Italians Forward

A Visual History of the Italian Community in Great Britain

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Author: Terri Colpi

Publisher: Mainstream Publishing Company

ISBN: N.A

Category: History

Page: 190

View: 7514

Every picture tells a story and the images in this stunning volume tell a colourful and dynamic tale. Italians Forward is a pictorial tribute to all those who left their native villages in search of a new life across the Channel. And as the communities which they helped to create are as strong and dynamic as ever, this unique portrait of a migrant population reveals a so-far undiscovered side to British history.

Moving Lives

Narratives of Nation and Migration Among Europeans in Post-war Britain

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Author: Kathy Burrell

Publisher: Ashgate Publishing, Ltd.

ISBN: 9780754645740

Category: Social Science

Page: 212

View: 3676

Moving Lives refocuses debates about migration by following the experiences, memories and perceptions of three migrant groups in Britain: the Polish, Italian and Greek-Cypriot populations. In tracing some of the key themes of migration narratives, Kathy B

Italians in Wales and their Cultural Representations, 1920s-2010s

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Author: Bruna Chezzi

Publisher: Cambridge Scholars Publishing

ISBN: 1443886602

Category: Social Science

Page: 175

View: 3665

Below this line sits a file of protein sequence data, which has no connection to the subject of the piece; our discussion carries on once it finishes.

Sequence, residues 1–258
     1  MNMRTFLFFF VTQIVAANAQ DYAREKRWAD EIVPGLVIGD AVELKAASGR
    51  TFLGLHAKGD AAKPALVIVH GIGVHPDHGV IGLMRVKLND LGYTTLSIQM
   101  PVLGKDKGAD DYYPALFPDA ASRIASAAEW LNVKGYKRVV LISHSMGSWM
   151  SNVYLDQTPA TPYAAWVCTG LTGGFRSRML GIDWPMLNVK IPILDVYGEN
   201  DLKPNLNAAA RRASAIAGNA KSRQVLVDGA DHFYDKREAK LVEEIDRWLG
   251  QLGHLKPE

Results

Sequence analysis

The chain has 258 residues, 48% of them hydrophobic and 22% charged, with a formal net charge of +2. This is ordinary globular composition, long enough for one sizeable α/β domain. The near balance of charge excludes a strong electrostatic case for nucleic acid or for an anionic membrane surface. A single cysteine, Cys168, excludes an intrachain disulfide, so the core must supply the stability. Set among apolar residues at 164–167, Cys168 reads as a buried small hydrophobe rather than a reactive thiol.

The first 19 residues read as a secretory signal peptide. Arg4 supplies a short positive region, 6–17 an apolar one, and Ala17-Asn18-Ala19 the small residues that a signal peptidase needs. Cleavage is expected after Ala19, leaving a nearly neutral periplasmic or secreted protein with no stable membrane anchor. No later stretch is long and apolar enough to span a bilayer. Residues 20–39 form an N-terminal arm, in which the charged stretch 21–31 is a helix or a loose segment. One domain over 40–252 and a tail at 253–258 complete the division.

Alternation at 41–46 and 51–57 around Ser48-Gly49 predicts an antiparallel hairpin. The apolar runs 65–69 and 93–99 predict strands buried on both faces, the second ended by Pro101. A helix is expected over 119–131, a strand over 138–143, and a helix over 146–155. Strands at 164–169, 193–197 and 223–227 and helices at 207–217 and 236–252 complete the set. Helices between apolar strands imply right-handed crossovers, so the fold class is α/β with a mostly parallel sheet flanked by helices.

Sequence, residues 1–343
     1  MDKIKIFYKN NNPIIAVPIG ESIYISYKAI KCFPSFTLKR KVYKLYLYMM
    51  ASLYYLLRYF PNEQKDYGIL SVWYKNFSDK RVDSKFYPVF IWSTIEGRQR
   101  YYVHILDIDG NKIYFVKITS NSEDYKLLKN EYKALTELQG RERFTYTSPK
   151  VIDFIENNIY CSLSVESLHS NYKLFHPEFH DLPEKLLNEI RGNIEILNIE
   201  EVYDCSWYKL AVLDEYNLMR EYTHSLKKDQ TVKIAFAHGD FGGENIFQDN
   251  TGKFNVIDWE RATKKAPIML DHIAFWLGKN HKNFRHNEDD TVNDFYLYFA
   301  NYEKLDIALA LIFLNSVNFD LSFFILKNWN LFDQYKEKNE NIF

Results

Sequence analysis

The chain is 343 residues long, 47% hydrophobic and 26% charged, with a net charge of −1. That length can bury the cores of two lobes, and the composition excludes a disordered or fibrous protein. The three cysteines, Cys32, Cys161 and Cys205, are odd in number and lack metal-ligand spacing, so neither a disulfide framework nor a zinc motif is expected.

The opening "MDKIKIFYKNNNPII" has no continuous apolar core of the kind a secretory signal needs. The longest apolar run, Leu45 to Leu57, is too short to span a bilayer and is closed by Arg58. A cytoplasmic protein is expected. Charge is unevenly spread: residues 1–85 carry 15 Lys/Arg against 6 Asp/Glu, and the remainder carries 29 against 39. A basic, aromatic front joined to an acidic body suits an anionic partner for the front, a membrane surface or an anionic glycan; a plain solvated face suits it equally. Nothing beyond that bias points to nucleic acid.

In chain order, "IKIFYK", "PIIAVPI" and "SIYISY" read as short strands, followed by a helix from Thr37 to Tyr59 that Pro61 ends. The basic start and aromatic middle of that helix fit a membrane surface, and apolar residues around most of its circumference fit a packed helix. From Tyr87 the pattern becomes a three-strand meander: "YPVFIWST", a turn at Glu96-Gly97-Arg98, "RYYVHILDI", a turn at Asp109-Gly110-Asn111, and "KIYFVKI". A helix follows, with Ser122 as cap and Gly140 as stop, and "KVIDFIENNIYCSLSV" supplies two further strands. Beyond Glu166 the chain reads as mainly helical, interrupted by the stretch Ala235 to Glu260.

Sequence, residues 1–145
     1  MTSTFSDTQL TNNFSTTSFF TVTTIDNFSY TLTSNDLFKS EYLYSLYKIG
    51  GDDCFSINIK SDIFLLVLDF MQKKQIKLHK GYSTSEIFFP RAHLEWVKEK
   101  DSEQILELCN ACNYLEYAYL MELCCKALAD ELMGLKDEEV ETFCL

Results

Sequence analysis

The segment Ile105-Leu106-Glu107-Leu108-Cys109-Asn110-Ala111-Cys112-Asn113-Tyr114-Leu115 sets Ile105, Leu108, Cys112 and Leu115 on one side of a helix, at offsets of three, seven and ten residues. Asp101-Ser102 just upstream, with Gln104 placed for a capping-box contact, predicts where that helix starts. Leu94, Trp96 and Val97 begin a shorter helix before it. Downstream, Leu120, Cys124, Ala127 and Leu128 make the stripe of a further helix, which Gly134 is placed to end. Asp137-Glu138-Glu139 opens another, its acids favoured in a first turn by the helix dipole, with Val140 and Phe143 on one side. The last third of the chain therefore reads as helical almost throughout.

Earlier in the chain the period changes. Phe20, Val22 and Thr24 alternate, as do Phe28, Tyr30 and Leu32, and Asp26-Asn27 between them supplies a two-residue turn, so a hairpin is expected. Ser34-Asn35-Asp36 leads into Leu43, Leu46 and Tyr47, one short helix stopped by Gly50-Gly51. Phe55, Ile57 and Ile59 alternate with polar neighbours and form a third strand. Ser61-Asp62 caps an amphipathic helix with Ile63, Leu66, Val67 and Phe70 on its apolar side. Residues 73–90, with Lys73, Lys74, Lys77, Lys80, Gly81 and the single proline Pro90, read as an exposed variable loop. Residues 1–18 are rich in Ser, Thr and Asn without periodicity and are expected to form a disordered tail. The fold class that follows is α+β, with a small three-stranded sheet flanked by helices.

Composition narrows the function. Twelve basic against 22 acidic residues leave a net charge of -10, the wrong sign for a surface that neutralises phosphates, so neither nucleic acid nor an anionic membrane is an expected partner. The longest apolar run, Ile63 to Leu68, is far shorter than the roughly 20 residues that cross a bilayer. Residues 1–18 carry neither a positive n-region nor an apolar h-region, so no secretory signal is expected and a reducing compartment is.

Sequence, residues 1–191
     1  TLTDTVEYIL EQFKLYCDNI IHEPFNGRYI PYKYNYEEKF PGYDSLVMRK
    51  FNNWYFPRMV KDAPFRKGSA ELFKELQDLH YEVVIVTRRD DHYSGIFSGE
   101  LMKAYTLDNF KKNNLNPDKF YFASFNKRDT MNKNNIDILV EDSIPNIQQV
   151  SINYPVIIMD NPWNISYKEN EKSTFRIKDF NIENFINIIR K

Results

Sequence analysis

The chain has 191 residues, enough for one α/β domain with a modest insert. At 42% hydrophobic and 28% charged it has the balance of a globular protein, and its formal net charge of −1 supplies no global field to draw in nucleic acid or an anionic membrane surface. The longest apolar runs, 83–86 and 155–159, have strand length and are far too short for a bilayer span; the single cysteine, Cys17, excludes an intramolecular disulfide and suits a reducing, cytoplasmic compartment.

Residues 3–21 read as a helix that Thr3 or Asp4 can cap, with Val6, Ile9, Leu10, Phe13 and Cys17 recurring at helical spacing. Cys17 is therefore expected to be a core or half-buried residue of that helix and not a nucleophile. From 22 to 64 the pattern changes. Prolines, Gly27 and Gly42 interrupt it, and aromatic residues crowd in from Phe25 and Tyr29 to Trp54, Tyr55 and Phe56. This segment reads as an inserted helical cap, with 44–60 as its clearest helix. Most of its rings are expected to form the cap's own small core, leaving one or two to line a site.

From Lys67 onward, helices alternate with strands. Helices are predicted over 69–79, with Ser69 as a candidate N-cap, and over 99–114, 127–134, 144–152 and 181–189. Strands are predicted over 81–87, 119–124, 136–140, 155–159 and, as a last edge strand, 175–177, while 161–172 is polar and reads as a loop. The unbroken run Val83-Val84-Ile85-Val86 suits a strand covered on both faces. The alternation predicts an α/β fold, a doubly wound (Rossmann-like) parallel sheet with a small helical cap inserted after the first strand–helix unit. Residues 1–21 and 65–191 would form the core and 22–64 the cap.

Italian immigrants began to settle in Wales at the turn of the 19th century, opening hundreds of coffee shops, particularly in the South Wales Valleys. Despite this, such immigrants remain a largely unexplored case study in the history of Italian immigration to the UK. This book uses a variety of unexplored sources, and engages with the broader academic debate on migration, identity, and the trans-generational transmission of memory, to describe the emergence of Welsh-Italian narratives and the formation of a distinctive, yet complex, Welsh-Italian identity. It follows a chronological journey, moving from the interwar period, a time in which Italians in Wales were generally regarded as fully established and integrated, through to the Second World War, a time when Italian identity became problematic and resulted in nearly seventy years of ‘silencing’, up until the first decade of the 21st century, where a mixture of commemorative events and cultural initiatives prompted the emergence of Welsh-Italian narratives. The book begins by studying photographic representations of Italians in Wales during the interwar period, using photographs available in local history books, private collections and history books. The analysis of the photographic material draws from the work of scholars such as Sontag, Noble, Hirsh and Bate on photo-textual analysis, to show how photographs can reveal understudied, yet important, aspects of Italian migrant identity and of the relationship with the host community in the period that preceded the Second World War. The book then examines how the events of the Second World War destabilised the images of family, sociability and integration suggested by these photographs, and how such events aggravated tensions between host and migrant cultures. It continues by investigating recent Welsh-Italian texts where, in revisiting the past and the experience of their ancestors, the authors bring different circumstances and personal factors into play determining the degree to which they reconcile their dual identity. It concludes with a comparison between these ‘narratives of belonging’ and the representation of the Italian migrant experience in Anglo-Welsh literature.